Mills is open to energy relief ideas, but worries about an economic slowdown
Gov. Janet Mills is signaling that she remains open to ideas from lawmakers to help Mainers cope with record-high gas and heating oil prices.
Maine’s Democratic governor has proposed using half of a surplus to send $750 checks to more than 800,000 Mainers to help them cover rising costs. Lawmakers are currently considering those “relief checks” as well as other proposals for divvying up the projected $1.2 billion revenue surplus.
On Thursday, Mills spokeswoman Lindsay Crete said the governor “applauds lawmakers on both sides of the aisle” for offering other options for addressing energy costs and inflation, adding that and that she is “committed to working with lawmakers.” Those include a proposal from Republican Rep. Laurel Libby of Auburn to suspend Maine's 30-cent tax on every gallon of gasoline for the remainder of the year and Senate President Troy Jackson's idea of rebates for electricity ratepayers. Jackson and other Democrats outlined his still-developing plan – which would provide $1,000 rebates to some residential electric ratepayers and $2,500 rebates to businesses with high energy usage – as well as other proposals during a press conference at the State House on Wednesday.
“In the meantime, the governor has proposed giving back half the surplus to Maine people through $750 checks,” Crete said. “For an average Maine family, with two adults, this proposal is estimated to provide $1,500 in direct relief. Another benefit of delivering relief in this way is that it provides Maine people with the freedom to decide for themselves how best to use the money, whether it be for groceries, gas, heating fuel, electricity, or other expenses. The Governor is very open to considering increasing these payments to help Maine people cope with higher costs.”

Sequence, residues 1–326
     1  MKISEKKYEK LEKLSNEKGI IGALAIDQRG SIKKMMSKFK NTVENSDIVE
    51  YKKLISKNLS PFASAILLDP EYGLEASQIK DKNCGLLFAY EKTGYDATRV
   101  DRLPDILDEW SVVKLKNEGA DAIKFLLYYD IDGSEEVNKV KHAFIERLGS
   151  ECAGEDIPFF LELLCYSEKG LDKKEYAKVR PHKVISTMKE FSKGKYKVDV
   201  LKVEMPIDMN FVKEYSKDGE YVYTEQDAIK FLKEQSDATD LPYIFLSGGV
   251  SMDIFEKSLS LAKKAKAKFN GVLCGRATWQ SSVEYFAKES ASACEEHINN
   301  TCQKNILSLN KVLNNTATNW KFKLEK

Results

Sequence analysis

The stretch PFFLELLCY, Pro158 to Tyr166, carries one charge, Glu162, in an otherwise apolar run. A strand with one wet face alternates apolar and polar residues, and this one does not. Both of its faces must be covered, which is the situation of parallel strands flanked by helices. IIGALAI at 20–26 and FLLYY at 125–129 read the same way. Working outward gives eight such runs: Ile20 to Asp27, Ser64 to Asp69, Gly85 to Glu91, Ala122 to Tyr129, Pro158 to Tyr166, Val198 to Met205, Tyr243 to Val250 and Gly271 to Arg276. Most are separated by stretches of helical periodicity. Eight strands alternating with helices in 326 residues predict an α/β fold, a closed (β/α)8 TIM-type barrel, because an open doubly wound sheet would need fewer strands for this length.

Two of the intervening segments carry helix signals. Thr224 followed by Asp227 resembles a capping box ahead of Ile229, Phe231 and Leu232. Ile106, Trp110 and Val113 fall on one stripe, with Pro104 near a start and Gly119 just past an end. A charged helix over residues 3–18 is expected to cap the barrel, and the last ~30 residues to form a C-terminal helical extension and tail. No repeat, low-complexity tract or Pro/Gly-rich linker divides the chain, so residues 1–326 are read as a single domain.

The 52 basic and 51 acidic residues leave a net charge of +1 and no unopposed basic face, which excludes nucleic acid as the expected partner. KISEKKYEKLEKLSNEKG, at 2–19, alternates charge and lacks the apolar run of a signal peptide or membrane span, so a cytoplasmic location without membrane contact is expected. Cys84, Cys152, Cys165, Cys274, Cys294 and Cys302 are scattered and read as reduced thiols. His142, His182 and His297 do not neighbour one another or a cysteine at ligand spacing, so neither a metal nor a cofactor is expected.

But the governor’s office also signaled concerns about the energy crisis’ impact on the economy.
“The Mills Administration expects that, because of Russian’s invasion of Ukraine, costs – particularly for oil and gas – will continue to increase, which will cause Maine people to shift their spending habits to focus more on necessities, reducing overall spending in the economy, and likely slowing Maine’s economy recovery in the short-term,” Crete said.
The committee that advises the executive branch and the Legislature’s budget-writers on revenue flows into state coffers have cautioned that the ongoing pandemic and other factors add to the uncertainty of those forecasts over the longer term.